The revised ESA regulations explicitly include the consequences of ongoing agency action or existing agency facilities not within the agency’s discretion to modify in the environmental baseline.
Cumulative effects. Cumulative effects are defined differently under the ESA than in other contexts, such as under the National Environmental Policy Act (NEPA). The ESA provides that cumulative effects are the effects of proposed action, together with other state or private (but not federal) activities, which are reasonably certain to occur.
Best available science. The FWS and NMFS must base the analysis in their biological opinions on the best available science, which may include species and habitat surveys, information from previous biological opinions, the Species Status Assessment, and other scientific studies. In some circumstances where the best available science does not adequately allow the Services to predict species impacts, the Services may work with the action agency and project proponents to request development of additional species information, but the action agency does not necessarily have to develop new information to comply with the best available science standard.
Conference reports. Species proposed for listing and proposed critical habitat areas also undergo Section 7 review, though it is not as demanding as the Section 7 consultation process. Specifically, the ESA requires a federal action agency to confer with the FWS or NMFS if a proposed federal action could jeopardize the continued existence of a proposed species or cause destruction or adverse modification of proposed critical habitat. The conference may result in the issuance of a conference opinion containing preliminary findings of no jeopardy or no adverse modification and recommending means of avoiding and minimizing potential adverse impacts. Project owners and developers can benefit from the issuance of a conference report because, if the species is listed or the critical habitat is designated before the project is complete, the FWS or NMFS may adopt the conference opinion as the biological opinion, avoiding the need to reinitiate Section 7 consultation.
Reinitiation of Consultation
The Section 7 consultation requirement does not end once the FWS or NMFS issues the biological opinion and incidental take statement. The action agency must continue to evaluate new information about potential impacts from the federal action for as long as that action continues (e.g., in the case of a federal permit, for as long as the permit remains in effect) and must reinitiate consultation if one of the following conditions is met:
Reinitiation of consultation may occur formally or informally, depending on the likelihood of new species or critical habitat impacts, and must be requested by the action agency—though the FWS or NMFS may suggest that the action agency reinitiate consultation.
Irreversible and Irretrievable Commitment of Resources
Section 7(d) limits the project activities that may proceed after the Services initiate or reinitiate consultation. It prohibits federal action agencies and project owners from making any irreversible or irretrievable commitment of resources that has the effect of foreclosing the formulation or implementation of reasonable and prudent measures deemed necessary to avoid jeopardy or adverse modification. Non-jeopardizing activities (i.e., those not expected to cause take) may therefore proceed during the consultation and reinitiated consultation processes.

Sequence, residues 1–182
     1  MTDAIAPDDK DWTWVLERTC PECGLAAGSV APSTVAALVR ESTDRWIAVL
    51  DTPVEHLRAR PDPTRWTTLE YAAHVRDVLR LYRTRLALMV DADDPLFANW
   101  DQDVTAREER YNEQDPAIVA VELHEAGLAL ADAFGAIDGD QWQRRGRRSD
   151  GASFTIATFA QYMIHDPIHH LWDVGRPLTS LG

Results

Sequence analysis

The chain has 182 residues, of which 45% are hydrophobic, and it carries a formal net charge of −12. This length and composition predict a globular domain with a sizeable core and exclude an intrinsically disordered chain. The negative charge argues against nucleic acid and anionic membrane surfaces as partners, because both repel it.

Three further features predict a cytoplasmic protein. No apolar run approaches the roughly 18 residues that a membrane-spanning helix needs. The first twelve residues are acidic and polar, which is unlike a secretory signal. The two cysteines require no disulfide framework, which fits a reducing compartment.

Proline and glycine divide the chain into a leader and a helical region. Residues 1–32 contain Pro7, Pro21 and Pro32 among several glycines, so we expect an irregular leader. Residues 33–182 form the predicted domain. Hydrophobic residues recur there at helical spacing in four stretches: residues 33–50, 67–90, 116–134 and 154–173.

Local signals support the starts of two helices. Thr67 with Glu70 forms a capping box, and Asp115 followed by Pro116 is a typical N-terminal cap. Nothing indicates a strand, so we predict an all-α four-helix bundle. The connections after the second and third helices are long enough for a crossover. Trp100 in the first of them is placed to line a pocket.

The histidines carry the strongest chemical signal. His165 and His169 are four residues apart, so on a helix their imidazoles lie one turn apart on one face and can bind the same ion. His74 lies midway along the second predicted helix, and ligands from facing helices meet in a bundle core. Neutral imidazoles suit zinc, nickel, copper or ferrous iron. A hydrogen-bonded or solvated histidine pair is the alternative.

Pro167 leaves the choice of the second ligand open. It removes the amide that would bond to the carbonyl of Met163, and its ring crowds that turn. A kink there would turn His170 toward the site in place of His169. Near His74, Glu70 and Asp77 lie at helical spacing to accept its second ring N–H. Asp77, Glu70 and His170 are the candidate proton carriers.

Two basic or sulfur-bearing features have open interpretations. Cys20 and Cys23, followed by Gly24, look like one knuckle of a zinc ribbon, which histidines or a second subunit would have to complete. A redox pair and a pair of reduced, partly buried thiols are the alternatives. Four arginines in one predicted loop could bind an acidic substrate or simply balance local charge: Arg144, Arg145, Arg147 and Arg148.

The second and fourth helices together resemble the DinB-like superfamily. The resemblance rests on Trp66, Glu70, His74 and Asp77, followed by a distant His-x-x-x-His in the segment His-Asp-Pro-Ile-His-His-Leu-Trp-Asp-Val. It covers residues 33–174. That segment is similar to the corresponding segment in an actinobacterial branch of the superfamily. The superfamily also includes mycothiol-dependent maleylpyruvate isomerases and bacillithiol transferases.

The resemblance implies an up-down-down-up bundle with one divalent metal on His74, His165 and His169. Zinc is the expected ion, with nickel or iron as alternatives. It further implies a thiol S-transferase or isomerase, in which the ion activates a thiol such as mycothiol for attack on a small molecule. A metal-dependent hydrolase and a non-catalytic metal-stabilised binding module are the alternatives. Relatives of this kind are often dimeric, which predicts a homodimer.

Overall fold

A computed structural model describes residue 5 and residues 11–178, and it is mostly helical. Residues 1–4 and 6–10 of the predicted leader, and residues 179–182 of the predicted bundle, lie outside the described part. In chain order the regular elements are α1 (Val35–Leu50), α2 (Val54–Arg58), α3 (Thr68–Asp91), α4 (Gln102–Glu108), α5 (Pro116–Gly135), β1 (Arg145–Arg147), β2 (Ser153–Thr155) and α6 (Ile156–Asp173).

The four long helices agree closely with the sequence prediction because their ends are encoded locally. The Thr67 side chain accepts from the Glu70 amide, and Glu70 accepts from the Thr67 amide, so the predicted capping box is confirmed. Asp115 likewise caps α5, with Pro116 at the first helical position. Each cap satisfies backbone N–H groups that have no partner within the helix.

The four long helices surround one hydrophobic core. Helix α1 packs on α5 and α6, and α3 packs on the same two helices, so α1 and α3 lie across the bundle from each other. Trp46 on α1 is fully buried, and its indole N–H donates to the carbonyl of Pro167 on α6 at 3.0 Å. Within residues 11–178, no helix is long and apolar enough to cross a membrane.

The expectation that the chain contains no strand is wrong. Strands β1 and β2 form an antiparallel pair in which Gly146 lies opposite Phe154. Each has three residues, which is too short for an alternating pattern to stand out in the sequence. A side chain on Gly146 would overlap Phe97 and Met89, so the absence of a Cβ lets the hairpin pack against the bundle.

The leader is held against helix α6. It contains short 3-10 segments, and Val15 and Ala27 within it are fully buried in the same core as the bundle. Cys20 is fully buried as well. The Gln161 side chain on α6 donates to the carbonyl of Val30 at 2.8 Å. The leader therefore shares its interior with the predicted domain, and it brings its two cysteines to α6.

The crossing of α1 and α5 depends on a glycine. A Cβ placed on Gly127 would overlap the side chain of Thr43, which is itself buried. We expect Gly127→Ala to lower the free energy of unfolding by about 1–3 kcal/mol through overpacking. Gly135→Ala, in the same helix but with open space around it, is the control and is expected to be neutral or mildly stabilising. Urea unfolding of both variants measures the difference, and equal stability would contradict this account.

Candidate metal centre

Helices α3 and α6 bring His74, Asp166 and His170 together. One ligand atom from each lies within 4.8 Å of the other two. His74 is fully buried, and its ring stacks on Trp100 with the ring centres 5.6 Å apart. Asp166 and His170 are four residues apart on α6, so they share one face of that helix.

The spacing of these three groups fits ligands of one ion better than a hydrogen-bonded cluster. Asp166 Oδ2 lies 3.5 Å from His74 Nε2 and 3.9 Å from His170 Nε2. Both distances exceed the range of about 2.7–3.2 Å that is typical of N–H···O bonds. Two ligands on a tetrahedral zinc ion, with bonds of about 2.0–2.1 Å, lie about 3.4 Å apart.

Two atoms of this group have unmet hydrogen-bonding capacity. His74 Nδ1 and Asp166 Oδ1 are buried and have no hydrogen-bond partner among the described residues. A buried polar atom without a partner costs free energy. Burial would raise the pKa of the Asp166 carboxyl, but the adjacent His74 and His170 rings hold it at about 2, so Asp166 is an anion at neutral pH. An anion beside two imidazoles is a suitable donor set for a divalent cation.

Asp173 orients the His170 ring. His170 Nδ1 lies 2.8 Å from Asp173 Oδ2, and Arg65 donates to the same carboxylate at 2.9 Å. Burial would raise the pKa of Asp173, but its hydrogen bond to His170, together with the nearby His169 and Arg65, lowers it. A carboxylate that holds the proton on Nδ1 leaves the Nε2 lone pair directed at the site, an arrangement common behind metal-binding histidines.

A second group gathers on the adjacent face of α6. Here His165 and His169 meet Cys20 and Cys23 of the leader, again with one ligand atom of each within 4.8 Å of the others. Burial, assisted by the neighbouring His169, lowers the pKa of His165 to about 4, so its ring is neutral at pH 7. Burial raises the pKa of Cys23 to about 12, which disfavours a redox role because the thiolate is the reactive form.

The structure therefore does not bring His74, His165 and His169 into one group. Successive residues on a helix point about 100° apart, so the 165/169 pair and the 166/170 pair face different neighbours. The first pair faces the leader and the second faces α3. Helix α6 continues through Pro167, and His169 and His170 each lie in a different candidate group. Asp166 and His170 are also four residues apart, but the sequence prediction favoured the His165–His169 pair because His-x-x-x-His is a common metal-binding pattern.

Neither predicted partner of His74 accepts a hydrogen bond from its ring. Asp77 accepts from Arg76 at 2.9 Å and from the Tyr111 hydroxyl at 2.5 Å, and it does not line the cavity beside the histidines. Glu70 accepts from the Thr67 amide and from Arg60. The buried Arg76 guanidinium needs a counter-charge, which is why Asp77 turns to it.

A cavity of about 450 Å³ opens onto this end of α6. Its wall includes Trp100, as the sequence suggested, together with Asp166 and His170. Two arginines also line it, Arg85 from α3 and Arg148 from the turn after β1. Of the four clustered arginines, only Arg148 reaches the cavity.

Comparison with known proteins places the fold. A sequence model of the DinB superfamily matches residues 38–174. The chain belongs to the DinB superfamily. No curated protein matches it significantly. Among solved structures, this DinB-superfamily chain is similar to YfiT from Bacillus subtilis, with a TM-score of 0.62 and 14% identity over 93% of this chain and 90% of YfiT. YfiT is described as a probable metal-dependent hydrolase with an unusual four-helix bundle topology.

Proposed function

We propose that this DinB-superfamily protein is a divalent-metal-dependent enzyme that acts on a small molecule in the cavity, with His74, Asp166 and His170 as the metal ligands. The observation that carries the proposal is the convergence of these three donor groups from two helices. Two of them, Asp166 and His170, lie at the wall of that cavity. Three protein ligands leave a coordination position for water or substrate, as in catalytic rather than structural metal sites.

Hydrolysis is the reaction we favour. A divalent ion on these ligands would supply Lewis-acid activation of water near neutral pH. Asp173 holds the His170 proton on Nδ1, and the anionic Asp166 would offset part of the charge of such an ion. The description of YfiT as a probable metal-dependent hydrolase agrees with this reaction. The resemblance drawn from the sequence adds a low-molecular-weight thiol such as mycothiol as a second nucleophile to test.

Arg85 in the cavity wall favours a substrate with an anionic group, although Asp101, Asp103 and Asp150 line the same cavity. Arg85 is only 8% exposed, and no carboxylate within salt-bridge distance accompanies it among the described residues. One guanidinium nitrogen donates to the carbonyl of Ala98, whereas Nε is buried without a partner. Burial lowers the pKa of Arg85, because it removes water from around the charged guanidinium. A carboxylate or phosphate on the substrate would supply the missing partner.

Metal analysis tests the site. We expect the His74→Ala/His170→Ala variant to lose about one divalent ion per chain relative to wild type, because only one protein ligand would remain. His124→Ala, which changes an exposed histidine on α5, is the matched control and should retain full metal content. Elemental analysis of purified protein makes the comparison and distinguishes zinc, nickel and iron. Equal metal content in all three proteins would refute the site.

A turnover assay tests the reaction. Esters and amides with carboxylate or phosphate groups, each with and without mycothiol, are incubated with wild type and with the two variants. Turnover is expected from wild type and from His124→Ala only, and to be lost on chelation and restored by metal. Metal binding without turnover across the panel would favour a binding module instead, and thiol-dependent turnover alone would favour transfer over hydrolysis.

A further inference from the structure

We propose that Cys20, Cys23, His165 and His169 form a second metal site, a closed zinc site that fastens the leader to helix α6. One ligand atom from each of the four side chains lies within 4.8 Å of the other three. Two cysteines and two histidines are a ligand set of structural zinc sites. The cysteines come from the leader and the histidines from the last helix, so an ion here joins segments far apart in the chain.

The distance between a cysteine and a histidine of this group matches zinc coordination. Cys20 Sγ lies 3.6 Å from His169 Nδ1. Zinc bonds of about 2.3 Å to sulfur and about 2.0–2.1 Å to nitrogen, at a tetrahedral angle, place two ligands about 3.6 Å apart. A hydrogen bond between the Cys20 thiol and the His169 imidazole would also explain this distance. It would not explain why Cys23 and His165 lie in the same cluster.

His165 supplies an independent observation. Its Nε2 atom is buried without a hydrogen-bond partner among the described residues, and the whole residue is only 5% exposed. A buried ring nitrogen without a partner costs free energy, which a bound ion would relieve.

In some circumstances, the action agency may choose to prepare a Section 7(d) determination that identifies the activities that may proceed during consultation. Oftentimes, an action agency will solicit technical assistance from FWS or NMFS when developing a 7(d) determination. While the Services typically welcome such requests, they generally do not review or approve final Section 7(d) determinations.
Property owners and developers should consider applying for (but are not required to) an incidental take permit under Section 10 of the ESA for private activities that do not require federal permits and are reasonably certain to take listed fish and wildlife to ensure that their activities comply with the ESA. (An incidental take permit is not necessary for private activities that are reasonably certain to affect listed plant species as the ESA does not prohibit their take.) An incidental take permit, which must be supported by an applicant-prepared habitat conservation plan (HCP), authorizes a specified amount of take to provide the property owner with greater certainty and flexibility.
Incidental take permits further benefit property owners and developers by providing assurances that—in the event that unforeseen circumstances arise—the Services will not require the commitment of additional land, water, or financial compensation or further restrict the use of land, water, or natural resources beyond the level agreed to in the HCP without the property owner’s consent. The Services honor these “No Surprises” assurances so long as the project owner implements the terms and conditions of the HCP, incidental take permit, and any other associated documents in good faith.
Habitat Conservation Plans